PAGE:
When it comes to interiors, this really becomes more of a personal expression of the tenants and can vary drastically from project to project. This is where commercial tends to become even more like residential – we sit and talk about colors, feeling, and texture. It’s very personalized. No one wants to see miles of painted drywall; you need elements like wood texture, slats, textiles, or pattern to add visual interest.

Also, we like to focus our energy on the 20% of the structure that will have maximum impact on tenants. For example, we typically invest the budget and our energy on common areas, such as staff kitchen and dining spaces and then carry the design throughout the remaining 80% of the structure in a simplified, straightforward manner.

Finally, we often allow the location and environment to help inspire material choices. For example, on our Salmon Bay Landing office design project, we studied the technology and metallics of various types of glass and selected the one that best reflected the water and complemented the overall design of the structure.


Do you have a list of standard green practices and features that you incorporate into each and every commercial project?

John Adams:

We tend to approach green building according to three different categories. First, we have the low-hanging fruit. No matter the project, we incorporate certain features because the cost is minimal and it’s just good building practice. Items that fall into this category are low-VOC paints, LED lighting, and walkoff mats in entry halls that are designed to control dirt and improve air quality.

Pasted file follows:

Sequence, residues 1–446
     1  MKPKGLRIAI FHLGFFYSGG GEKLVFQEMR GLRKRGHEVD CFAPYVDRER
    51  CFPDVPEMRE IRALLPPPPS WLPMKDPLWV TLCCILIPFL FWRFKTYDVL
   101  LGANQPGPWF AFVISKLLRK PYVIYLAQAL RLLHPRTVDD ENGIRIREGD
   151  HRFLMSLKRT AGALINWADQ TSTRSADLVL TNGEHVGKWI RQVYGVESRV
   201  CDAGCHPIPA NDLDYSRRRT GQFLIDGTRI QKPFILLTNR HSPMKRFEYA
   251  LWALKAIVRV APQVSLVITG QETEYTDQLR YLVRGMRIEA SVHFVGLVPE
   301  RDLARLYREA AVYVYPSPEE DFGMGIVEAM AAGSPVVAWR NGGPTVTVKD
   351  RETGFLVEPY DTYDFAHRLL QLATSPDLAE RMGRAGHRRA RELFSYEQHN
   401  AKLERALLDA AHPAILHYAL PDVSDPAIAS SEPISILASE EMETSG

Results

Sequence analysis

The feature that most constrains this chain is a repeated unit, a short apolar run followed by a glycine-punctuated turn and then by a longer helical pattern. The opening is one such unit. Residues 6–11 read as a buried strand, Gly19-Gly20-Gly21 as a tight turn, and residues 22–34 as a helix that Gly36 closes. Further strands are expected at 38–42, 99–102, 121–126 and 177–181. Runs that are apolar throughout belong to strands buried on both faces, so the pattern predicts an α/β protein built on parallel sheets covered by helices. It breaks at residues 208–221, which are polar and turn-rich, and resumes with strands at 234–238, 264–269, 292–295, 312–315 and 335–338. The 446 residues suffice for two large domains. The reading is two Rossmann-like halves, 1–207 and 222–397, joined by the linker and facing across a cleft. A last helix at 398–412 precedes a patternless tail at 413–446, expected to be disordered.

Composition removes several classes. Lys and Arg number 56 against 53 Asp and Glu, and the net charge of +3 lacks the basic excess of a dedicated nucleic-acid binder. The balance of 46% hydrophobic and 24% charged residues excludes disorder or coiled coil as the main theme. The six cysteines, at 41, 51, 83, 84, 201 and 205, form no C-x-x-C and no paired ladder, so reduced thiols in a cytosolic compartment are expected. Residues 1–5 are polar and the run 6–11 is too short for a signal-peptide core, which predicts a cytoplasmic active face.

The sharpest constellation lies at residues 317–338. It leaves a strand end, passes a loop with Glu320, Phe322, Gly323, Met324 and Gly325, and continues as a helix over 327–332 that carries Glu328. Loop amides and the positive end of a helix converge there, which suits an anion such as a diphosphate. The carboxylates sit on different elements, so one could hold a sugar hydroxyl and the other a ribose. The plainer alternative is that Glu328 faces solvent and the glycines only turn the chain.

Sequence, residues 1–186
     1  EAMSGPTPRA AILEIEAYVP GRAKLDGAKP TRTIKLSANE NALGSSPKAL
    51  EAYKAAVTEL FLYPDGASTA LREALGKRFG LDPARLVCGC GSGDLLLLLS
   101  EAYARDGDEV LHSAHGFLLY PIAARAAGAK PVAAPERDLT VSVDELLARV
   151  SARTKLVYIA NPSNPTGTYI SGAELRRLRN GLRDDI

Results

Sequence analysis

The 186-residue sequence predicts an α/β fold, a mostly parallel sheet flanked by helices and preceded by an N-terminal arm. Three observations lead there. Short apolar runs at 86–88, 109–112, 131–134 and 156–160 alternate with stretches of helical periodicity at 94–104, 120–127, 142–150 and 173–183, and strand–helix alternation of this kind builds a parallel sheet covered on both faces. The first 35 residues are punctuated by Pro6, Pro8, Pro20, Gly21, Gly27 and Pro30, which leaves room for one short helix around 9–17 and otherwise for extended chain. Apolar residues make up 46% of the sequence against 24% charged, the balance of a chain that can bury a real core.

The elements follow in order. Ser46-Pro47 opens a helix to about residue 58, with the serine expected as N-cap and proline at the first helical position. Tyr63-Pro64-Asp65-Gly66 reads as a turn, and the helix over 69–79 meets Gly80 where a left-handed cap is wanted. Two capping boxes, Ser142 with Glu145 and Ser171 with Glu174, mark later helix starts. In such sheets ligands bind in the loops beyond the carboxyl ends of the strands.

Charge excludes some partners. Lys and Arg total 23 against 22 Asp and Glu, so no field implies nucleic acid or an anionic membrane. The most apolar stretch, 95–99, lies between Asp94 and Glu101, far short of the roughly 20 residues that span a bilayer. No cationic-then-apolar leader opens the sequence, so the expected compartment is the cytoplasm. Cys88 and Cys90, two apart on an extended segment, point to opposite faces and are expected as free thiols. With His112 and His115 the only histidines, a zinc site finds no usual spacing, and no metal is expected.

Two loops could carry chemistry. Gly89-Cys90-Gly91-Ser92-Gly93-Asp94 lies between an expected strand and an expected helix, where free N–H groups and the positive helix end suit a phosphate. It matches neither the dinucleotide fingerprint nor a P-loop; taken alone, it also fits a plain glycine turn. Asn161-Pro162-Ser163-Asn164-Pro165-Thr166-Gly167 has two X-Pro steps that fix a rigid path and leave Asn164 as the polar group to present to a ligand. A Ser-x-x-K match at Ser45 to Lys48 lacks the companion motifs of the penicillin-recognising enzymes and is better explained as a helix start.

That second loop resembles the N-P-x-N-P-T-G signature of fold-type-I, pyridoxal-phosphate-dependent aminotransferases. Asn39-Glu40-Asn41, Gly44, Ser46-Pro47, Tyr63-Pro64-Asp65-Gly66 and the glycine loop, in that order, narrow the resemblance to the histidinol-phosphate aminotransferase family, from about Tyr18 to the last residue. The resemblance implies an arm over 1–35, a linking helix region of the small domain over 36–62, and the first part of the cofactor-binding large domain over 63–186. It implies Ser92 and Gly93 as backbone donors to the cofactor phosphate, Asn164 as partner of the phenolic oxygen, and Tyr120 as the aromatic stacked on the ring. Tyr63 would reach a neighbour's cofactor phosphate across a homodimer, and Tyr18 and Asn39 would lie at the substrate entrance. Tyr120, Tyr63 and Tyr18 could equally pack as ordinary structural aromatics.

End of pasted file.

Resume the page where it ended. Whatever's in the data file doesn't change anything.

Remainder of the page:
Sustainable concrete form masonry (CMFU) blocks with insulation and rebar

Stuart Silk Architects utilized sustainable CMFU blocks in the design of the Orian Dental Building in order to provide insulation and waterproofing, as well as to create additional interior space. This is the first time a CMFU system has been used in commercial architecture within the Pacific Northwest.

The second category includes features that may have a significant upfront cost but offer a demonstrable return on investment. One recent example is an exterior party wall that we built from CMFU (concrete block with insulation properties). Although the material required a significant financial investment, we were able to utilize it as an internal finish material and add another 400 square feet of rentable space. So this material choice made sense because it paid for itself quickly.

The third category is what we consider “pie-in-the-sky” offerings. These features don’t necessarily offer a demonstrable financial return, but they give the client a feeling of personal satisfaction and may help boost the company’s image. An example from this category would be a geothermal well. It may not pay for itself for 30 years, but the client sees it as the right thing to do.


What are some of the biggest challenges that you face on the commercial side of your business?

John Adams:
Salmon Bay Landing building exterior glass detail by Stuart Silk Architects

The LEED Silver certified Salmon Bay Landing building features walls of gray-toned, slightly mirrored glass, diligently selected to reflect the waters of the adjacent canal and silver-colored skyline.

Our biggest challenge has to do with timelines, as a result of working with the city. Due to the economy and understaffing issues, it’s often difficult for the city to be as responsive as we need them to be. Our clients are paying mortgages on empty, undeveloped property, paying rent for current space, carrying costs for taxes, and are paying us as a consultant. As time clicks on, these expenses can become a financial burden, especially for a smaller developer. Most developers are budget-conscious, so it can become a major challenge to their finances if the project falls behind schedule due to approval delays.